Health $ Lifestyle

Is dementia a ‘modern disease’? New thought-provoking study claims that the memory-robbing illness was surprisingly rare in ancient Greek and Roman times

  • Experts scoured writings from 2,000 to 2,500 years ago – the time of Aristotle
  • There was no evidence of major loss of memory, speech and reasoning 

Dementia is likely a ‘modern disease’ because there are so few mentions of severe memory loss in ancient Greek and Roman medical texts, researchers have claimed regarding a thought-provoking new study.

Experts scoured writings from 2,000-2,500 years ago – the times of Aristotle, Galen and Cicero.

Ancient Greeks recognised ageing commonly brought memory issues, which would today be diagnosed as ‘mild cognitive impairment’.

But there was no evidence of anything approaching a major loss of memory, speech and reasoning as caused by Alzheimer’s or other types of dementia suffered by millions worldwide today.

Gerontologist Professor Caleb Finch, from the University of Southern California, said his findings bolster the idea that dementia is a disease of modern environments and lifestyles.

Scientists believe dementia is probably a 'modern disease' because there are so few mentions of it in Greek and Roman medical texts (stock photo)

Scientists believe dementia is probably a ‘modern disease’ because there are so few mentions of it in Greek and Roman medical texts (stock photo)

A picture of Hippocrates refusing presents from Artaxerxes I of Persia

A picture of Hippocrates refusing presents from Artaxerxes I of Persia

A bust of Roman philosopher and statesman Marcus Tullius Cicero (106-43 BC)

A bust of Roman philosopher and statesman Marcus Tullius Cicero (106-43 BC)

He pored over a major body of ancient medical writing by Hippocrates and his followers. The text catalogues ailments of the elderly such as deafness, dizziness and digestive disorders — but makes no mention of memory loss.

However, centuries later in ancient Rome, a few mentions do crop up.

Galen remarks that at the age of 80, some elderly begin to have difficulty learning new things.

Pliny the Elder notes that the senator and famous orator Valerius Messalla Corvinus forgot his own name.

And Cicero observed that ‘elderly silliness… is characteristic of irresponsible old men, but not of all old men’.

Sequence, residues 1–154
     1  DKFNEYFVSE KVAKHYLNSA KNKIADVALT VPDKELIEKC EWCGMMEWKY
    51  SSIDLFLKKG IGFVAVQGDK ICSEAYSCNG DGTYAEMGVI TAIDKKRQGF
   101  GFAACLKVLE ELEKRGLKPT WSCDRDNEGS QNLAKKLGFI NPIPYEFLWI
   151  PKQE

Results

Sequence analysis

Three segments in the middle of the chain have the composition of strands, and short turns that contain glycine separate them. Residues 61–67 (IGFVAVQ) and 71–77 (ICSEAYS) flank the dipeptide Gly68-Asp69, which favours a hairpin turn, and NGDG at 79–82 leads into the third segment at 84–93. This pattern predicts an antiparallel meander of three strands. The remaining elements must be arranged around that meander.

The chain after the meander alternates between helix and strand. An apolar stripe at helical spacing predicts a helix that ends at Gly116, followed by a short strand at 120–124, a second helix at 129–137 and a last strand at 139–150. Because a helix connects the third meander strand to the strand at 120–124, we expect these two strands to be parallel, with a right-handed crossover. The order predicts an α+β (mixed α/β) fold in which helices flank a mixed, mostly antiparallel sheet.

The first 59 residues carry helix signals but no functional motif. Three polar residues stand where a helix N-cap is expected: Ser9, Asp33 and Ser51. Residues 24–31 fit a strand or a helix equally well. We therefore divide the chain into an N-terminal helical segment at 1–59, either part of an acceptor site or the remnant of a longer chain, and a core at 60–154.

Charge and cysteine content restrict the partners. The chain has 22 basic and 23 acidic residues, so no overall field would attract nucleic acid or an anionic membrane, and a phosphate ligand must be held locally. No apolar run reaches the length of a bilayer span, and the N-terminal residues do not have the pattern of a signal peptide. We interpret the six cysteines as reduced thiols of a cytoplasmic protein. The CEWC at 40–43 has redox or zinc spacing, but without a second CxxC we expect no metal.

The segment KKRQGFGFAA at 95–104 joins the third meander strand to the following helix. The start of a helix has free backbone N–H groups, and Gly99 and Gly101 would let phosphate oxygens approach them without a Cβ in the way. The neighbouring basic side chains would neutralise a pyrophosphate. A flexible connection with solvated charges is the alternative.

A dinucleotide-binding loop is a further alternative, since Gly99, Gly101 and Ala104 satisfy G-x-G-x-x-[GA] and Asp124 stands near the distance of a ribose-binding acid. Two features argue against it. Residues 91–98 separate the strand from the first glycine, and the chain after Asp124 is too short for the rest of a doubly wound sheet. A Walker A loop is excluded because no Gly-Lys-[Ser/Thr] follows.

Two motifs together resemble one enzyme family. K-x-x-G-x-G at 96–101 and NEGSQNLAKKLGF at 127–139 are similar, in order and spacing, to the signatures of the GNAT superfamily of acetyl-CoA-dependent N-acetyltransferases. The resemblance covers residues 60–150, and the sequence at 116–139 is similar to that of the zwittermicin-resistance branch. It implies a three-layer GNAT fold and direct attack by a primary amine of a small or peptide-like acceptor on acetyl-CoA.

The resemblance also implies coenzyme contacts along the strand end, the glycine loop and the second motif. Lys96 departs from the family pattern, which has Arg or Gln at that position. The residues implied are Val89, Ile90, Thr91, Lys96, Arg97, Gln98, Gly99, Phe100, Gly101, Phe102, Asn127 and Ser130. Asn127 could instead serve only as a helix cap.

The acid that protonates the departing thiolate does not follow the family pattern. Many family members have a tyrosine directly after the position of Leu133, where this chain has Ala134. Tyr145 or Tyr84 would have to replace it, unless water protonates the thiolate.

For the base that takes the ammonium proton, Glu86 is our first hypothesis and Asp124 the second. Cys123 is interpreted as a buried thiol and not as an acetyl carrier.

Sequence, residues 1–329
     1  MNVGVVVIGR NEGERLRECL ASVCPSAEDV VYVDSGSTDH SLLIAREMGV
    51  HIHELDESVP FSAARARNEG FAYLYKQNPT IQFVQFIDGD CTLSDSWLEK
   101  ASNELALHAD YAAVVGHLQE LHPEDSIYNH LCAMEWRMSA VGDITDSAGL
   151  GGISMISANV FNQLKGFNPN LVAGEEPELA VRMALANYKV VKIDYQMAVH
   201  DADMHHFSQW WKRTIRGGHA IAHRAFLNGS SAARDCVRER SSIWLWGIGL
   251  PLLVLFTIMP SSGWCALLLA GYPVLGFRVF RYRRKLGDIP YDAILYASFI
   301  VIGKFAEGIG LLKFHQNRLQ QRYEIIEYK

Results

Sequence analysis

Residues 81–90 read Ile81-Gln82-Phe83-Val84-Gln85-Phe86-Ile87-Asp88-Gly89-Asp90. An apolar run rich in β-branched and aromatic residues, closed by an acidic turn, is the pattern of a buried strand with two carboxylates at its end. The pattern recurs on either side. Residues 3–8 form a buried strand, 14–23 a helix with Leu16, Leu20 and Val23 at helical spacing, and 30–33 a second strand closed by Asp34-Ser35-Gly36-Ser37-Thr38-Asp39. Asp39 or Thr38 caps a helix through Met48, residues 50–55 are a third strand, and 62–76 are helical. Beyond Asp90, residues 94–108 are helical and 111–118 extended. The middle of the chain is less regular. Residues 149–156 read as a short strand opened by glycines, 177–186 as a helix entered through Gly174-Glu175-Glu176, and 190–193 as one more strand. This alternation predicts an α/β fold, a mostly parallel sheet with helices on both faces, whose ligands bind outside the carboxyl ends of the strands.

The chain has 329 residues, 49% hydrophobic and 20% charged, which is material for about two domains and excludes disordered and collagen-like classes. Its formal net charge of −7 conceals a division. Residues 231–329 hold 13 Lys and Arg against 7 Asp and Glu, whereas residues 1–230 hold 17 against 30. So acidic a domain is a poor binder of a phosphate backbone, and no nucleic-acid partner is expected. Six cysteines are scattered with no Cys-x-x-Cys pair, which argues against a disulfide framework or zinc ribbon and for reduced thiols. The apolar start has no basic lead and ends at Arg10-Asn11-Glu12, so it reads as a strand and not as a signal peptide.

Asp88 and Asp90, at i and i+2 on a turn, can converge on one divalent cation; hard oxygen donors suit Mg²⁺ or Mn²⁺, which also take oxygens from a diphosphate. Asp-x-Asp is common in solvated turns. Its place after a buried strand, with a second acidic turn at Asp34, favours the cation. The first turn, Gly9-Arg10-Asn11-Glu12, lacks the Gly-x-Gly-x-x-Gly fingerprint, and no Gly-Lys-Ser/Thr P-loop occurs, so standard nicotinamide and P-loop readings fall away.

Professor Finch said the findings, published in the Journal of Alzheimer’s Disease, bolster the idea that Alzheimer’s is a product of modern living.

He added: ‘The ancient Greeks had very, very few — but we found them — mentions of something that would be like mild cognitive impairment.

‘When we got to the Romans, and we uncovered at least four statements that suggest rare cases of advanced dementia — we can’t tell if it’s Alzheimer’s.

‘So, there was a progression going from the ancient Greeks to the Romans.’

Romans and Greeks are widely thought to have had an average life expectancy of 30 to 35 years old, based on research which examined gravestones from the period.

However, dementia rarely strikes until sufferers are in their 60s and beyond, even though it is not an inevitable part of ageing.

It means the disease, which is thought to be caused by an abnormal build-up of proteins around brain cells over time, won’t have been as prevalent as it is now.

Some historians dismiss claims that Romans and Greeks had such a short lifespan, pointing to records that suggest people had to be in their 40s to hold certain political roles and that a handful of people reached their 100th birthday.

Yet, while some may have become centenarians, it was much rarer than it is now.

Professor Finch speculates that as Roman cities grew denser, pollution increased, driving up cases of cognitive decline.